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R Prasannan
R Prasannan

BORDER ROW

Post Doklam, India wary of a winter offensive

Indian-Army A convoy of Indian Army trucks near Gangtok, on way to the India-China border | Arvind Jain

The Doklam bomb has been defused, but the armed forces aren't relieved. The standoff, during which there were several tense moments, has now forced them to review their border posture against China, as well as against Pakistan. Apparently, it is not a very happy picture.

Though Army Chief Gen Bipin Rawat talked about a two-front war,realisation is dawning that the capability for even a single-front war is becoming extremely limited.

All along the Doklam crisis, the army brass was confident that the Chinese wouldn't be able to launch an offensive at or around Doklam or, for that matter, anywhere in the eastern sector. And Tawang in Arunachal Pradesh, which the Chinese have always coveted, is a fortress. As Lt Gen Rakesh Sharma, who had commanded a corps in the east, pointed out at a seminar in the Centre for Land Warfare Studies (CLAWS), the 80km long Tawang border has six tiers of defence. Only a fool of a Chinese general would even dream of breaking through them.

But the worry is about the western sector, as THE WEEK has reported several times. The assessment in the army headquarters now is that, while India is not capable of conducting an operation in winter in Ladakh, the Chinese can. “We need to prepare for winter war in Ladakh,” pointed out Lt Gen D.S. Hooda, former northern army commander.

Though an all-out war is generally ruled out, there are real concerns about China's increasing capability to launch a limited offensive in winter. The 800-odd kilometres on the Ladakh front is looked after by just one division of the Army, and it does not even have enough surveillance drones.

If the Chinese choose to deliver a limited strike in Ladakh, drawing out the sole Indian division there, it would also tempt Pakistan to strike around the same area. As Lt Gen Philip Campose, former vice chief, pointed out at the CLAWS seminar, “if China gets involved, so will Pakistan”.

The defensive line against Pakistan in northern Kashmir, too, is not a pretty picture. THE WEEK learns that the line of control is defended to a depth of just two or three kilometres, and there are hardly any reserves. The comforting thought is that Pakistan Army is also stretched thin along the line of control.

In terms of numbers, it would look as if the Indian Army has made Kashmir into a fortress, but bulk of the troops are Rashtriya Rifles battalions, trained and employed in counter-insurgency operations. All of a sudden, they cannot be asked to fight a conventional field battle against an enemy coming in with artillery.

Any operation in Ladakh or the rest of Kashmir would require the services of special forces, but there are hardly any available along the China front in Ladakh. A few battalions have been kept earmarked for cross-LoC strikes against Pakistan. There has been a proposal to train the Ladakh Scouts as special force battalions. But that is a long way off. And the government is yet to take even an in-principle decision on the proposal to set up a separate special forces command.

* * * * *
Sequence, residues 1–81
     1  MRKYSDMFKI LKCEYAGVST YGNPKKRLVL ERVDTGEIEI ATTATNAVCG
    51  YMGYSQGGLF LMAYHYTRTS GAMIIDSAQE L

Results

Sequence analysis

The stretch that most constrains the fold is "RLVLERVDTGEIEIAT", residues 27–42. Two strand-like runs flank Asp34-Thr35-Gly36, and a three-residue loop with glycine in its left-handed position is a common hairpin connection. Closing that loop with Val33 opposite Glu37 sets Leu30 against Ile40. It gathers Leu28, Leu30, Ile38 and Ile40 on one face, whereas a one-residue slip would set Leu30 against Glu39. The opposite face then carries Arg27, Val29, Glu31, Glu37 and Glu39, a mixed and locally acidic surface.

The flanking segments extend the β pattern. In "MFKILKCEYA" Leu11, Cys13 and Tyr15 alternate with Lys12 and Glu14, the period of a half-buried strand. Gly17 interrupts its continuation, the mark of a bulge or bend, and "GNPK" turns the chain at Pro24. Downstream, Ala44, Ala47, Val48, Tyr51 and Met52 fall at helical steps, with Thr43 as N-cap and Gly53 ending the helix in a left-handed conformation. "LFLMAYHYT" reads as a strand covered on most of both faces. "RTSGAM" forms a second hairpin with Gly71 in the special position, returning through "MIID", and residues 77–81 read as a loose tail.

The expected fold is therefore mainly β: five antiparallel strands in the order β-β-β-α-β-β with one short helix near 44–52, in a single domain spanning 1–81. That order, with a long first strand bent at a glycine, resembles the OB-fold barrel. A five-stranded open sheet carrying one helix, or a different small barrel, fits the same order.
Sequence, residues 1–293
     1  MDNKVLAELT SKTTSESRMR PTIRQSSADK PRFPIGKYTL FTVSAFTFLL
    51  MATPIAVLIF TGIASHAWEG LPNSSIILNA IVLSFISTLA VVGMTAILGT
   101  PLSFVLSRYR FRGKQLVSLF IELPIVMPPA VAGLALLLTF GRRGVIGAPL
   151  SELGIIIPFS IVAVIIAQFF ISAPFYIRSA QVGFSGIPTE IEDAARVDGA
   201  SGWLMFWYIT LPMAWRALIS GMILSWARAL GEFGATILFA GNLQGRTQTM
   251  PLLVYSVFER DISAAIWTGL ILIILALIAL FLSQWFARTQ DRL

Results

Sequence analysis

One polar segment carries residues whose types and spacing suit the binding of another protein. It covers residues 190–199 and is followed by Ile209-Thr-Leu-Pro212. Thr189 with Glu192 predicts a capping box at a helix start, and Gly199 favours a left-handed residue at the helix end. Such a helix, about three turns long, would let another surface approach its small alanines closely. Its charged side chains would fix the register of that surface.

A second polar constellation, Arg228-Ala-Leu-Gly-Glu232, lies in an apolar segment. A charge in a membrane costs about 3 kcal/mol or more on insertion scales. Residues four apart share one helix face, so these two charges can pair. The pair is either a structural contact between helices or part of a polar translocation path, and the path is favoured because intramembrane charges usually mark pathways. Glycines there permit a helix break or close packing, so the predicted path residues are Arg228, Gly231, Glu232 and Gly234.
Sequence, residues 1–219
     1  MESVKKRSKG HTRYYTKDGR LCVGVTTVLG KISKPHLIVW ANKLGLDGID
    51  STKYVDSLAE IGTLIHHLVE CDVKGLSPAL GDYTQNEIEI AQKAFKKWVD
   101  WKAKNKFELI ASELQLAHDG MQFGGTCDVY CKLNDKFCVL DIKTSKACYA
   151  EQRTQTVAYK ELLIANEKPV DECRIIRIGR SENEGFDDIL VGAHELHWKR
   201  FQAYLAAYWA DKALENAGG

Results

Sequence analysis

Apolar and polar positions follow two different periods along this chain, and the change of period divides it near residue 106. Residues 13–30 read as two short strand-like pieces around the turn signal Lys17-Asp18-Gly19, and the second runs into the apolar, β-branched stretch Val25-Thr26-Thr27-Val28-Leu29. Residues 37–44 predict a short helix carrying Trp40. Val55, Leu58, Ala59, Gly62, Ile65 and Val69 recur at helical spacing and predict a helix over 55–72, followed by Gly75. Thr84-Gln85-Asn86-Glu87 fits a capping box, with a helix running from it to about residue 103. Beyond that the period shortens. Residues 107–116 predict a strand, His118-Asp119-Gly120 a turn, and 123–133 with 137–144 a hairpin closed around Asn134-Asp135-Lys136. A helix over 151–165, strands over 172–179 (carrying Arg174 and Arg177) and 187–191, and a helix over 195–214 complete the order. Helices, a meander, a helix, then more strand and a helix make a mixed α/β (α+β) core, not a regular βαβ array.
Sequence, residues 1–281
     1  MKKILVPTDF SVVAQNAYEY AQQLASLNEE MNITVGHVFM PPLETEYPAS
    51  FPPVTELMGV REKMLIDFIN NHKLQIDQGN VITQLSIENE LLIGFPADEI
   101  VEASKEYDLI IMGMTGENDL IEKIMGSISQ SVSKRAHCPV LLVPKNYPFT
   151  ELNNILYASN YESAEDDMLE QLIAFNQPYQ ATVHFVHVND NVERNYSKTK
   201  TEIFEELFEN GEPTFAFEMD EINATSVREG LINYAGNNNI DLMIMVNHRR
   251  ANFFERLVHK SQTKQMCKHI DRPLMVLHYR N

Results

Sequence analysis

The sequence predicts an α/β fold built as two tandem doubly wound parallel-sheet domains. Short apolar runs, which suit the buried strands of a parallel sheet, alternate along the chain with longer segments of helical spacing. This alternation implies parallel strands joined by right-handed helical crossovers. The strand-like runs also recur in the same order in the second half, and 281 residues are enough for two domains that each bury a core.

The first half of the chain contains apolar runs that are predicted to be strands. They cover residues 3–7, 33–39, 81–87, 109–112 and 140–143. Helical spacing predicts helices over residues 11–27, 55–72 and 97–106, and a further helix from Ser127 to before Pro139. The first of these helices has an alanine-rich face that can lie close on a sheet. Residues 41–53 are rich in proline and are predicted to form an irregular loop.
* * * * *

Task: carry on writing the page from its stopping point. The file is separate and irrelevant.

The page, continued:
There are other strategic concerns, too. The building of the China-Pakistan economic corridor through Pakistan's northern areas would further limit India's operational latitude against Pakistan. Any surgical or conventional strike by Indian forces in Pakistan-held Gilgit-Baltistan could damage assets being built as part of the economic corridor. Any damage done to the economic assets on the corridor could be construed as an attack on Chinese assets, and could draw China into the conflict. Thus, the corridor is becoming a new strategic redline in the India-Pakistan military scenario.

Till now, India has been maintaining a conventional edge over Pakistan, but there is concern whether even this edge is being lost. The artillery remains a collection of 1980s vintage Bofors guns and lesser pieces; there just aren't enough attack or multi-purpose helicopters even for a limited ground action in Kashmir.

The only department in which India counts itself on having the upper hand is armour, which would come into play in the plains and deserts. But as Gen Campose pointed out, “Pakistan armour inventory has increased by about 1,500 pieces [tanks] in the last one and half years. They have got new Chinese tanks, 400 American APCs and about 600 Italian APCs. They have raised seven new armoured brigades, and another four infantry brigades have been converted into mechanised infantry”, which move in armoured fighting vehicles.

In short, militarily, India appears to be losing the combat edge even against Pakistan. And strategically, a situation is evolving wherein an operation—offensive or defensive—again China would draw Pakistan into it, and vice versa.

Was that what Gen Bipin Rawat meant when he talked of a two-front war?

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